We know more about Marine Ich (Cryptocaryon irritans
) than about any other marine disease. Not because of the hobby but because of the millions spent on it from the aquaculture and fish farming industries.
This is only some of what we know about Marine Ich (MI), whether aquarists choose to believe it or not:
1. MI is an obligate parasite. It can only live and reproduce with a fish host.
2. Some fish have defenses against the parasite that gives them the opportunity to develop an immunity of sorts before the fish dies from the parasite. Consider this -- if the parasite kills all its hosts, the parasite will die too.
3. In the aquarium, the fish can't get away from the parasite so the captive nature of the aquarium benefits the parasite by shifting the 'natural' ratio towards many more parasites than fishes.
4. Regarding the reverse of 3. -- In the wild the fish travels around and can get away from large numbers of the parasite.
5. Any bony marine fish, marine water, rock, substrate, etc. from the ocean can contain the parasite in one or more of its life stages.
6. Regarding 3. -- Even a fish with great defenses cannot always handle a large outbreak of the disease.
7. Regarding 2. -- A fish in captivity can lose its immunity and defenses built up to the parasite such that a few months later when again exposed to the parasite, can die from an attack.
8. A fish can have the disease and the aquarist won't know it. The parasite primarily targets the gills where more water passes through than over the body parts. The aquarist can't see an infection in the gills.
9. Regarding 8. -- The only stage the parasite is seen is when it is at the Trophont stage (visible at the end of this infected stage as a white spot on the fish just before it drops off) on the skin or fin of the infected fish.
10. Thus regarding 9. -- A fish can even be infected on its skin and fins without being seen by the aquarist.
11. Despite all these characteristics, the parasite can be prevented from entering into any display tank.
The observations you've made and experience can all fit comfortably into what we know. However, there can be disease-free aquariums. My home aquariums have been MI free since 1990. More than 200 fishes later, still MI-free. I quarantine everything, just like is done at all public and private aquariums.
As long as there is MI lurking about in the display aquarium, there is always an opportunity for it to bloom. You are right in one sense about the stress. A stressed fish is more likely to die from the disease. It simply runs out of energy reserve before it can develop immunity or before it can survive the onslaught. But remember MI is an obligate parasite. What most people mix up is the ability of the fish to get infected with the fish dieing from the infection (where health and condition come into play).
Every fish whether healthy, stressed, sick, or strong is equally able to get infected. The weak ones just die quicker or the stronger ones IF they have the physiology may survive the attack. When it comes to infection, MI doesn't care if the fish is healthy, stressed, or sick.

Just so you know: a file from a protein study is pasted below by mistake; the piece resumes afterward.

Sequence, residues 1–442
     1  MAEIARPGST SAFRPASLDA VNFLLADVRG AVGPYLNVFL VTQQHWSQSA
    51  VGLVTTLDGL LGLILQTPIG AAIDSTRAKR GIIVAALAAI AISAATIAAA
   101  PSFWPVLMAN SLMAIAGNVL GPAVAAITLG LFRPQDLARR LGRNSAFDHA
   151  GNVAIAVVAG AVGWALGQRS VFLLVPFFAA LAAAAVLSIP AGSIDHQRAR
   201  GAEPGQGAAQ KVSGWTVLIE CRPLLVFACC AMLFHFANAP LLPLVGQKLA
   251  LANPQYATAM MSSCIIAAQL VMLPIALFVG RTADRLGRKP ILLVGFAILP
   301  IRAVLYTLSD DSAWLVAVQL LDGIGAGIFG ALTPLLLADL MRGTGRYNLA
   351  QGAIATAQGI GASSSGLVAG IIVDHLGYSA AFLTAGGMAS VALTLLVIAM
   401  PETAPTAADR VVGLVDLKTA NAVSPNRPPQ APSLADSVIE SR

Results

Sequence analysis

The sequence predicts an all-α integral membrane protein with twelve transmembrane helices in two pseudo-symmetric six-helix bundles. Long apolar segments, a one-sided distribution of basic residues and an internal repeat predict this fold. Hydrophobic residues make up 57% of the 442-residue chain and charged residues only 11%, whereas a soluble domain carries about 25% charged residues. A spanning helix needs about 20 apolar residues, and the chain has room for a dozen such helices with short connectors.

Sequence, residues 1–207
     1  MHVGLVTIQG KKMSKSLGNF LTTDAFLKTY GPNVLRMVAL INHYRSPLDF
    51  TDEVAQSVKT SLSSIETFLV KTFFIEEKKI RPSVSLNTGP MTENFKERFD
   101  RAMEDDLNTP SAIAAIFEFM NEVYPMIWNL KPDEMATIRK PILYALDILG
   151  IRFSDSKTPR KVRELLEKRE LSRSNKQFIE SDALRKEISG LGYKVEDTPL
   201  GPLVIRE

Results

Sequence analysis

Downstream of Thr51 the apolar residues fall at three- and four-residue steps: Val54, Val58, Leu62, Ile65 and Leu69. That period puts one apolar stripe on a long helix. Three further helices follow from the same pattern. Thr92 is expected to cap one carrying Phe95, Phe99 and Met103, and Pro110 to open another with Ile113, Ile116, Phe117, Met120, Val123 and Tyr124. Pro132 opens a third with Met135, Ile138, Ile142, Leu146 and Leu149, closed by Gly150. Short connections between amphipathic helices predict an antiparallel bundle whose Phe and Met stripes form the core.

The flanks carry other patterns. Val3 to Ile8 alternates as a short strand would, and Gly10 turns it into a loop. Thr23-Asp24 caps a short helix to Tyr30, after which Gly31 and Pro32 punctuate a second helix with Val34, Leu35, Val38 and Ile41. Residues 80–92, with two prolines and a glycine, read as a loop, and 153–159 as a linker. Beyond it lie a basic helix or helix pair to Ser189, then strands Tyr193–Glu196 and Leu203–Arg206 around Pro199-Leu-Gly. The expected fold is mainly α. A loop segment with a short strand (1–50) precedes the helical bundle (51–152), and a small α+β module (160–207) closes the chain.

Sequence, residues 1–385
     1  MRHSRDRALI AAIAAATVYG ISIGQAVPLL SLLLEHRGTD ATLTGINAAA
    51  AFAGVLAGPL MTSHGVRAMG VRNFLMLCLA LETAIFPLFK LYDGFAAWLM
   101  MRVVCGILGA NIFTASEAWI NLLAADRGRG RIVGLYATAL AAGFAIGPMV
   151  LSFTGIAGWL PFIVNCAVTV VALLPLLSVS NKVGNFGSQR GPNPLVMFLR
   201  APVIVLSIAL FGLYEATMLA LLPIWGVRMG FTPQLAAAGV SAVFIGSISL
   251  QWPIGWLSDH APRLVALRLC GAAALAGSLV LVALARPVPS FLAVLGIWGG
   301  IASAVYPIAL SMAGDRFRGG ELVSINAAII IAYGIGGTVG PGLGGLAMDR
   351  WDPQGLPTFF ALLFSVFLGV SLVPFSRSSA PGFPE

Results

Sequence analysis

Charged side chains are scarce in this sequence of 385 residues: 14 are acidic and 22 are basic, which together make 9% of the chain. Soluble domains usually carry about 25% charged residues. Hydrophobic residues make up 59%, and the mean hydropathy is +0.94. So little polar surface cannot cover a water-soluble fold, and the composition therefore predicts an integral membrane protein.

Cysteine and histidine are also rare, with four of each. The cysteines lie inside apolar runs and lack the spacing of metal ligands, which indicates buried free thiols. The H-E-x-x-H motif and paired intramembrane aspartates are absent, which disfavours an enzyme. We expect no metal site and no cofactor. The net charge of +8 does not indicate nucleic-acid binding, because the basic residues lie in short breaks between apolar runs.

Think of MI more along the terms of a Tapeworm. If a human gets the Tapeworm eggs inside, it doesn't matter if the human is healthy, sick, weak or strong. The Tapeworm takes up residence in the intestinal track. Does a sick person get them inside easier than a healthy person. No. Each kind of person gets infected by swallowing the eggs or eggs going through the skin, regardless of their health. MI parasites infect the weak as well as the strong. What is observed is that the weak die quicker or those in between show the symptoms.
The quarantine process should be less stressful than the fish being in the main display tank. What humans tend to do is project their emotions onto the fish. The fish 'looks unhappy' in the QT. Wish I had a dime for. . .
If the reader can get into the quarantine process and provide the needed optimal conditions, the reader will find that marine fish being alone in a properly sized and controlled high quality environment, being hand-fed the greatest and most nutritious diet, is the greatest thing that can happen to a newly acquired wild caught fish since it was 'yanked' out of its home.
Now let's talk about the fish that 'recovered.' What did that fish go through. Humans forget that fish feel. More studies are being done to verify the initial work which indicates that fish can 'feel.' (This will turn the whole fishing sport in turmoil--maybe! ) A fish with MI in the beginning stages is a like a human with 2 dozen mosquito bites. How does that feel? Only these mosquito bites don't all go away. They keep getting replaced until the body finally starts getting ahead of the reappearance. I don't and won't put my fish through that. I liken the 'let's wait and see approach' to "Let's see if grandma recovers from pneumonia and not take her to the hospital."
MI infection is very easily prevented and kept out of the home aquarium. Most LFSs just put copper or chemicals in their system so that the fish looks good enough to get it out of their tanks and into the aquarists' tanks. The fact that many Marine fishes come to them infected is of no surprise since the fish are kept together with other fishes along the way. So they will run the copper in their system (which the aquarist can test for, BTW) and deny it to customers or only tell those who pin them down. But the MI parasite does not have to be in the display tank. That is up to the aquarist. It is rumored that it can't be stopped by mostly those who don't want to fight it or prevent it. It is especially claimed that MI can't be stopped by those who run a bad quarantine process and blame it on the parasite rather than on the person running the quarantine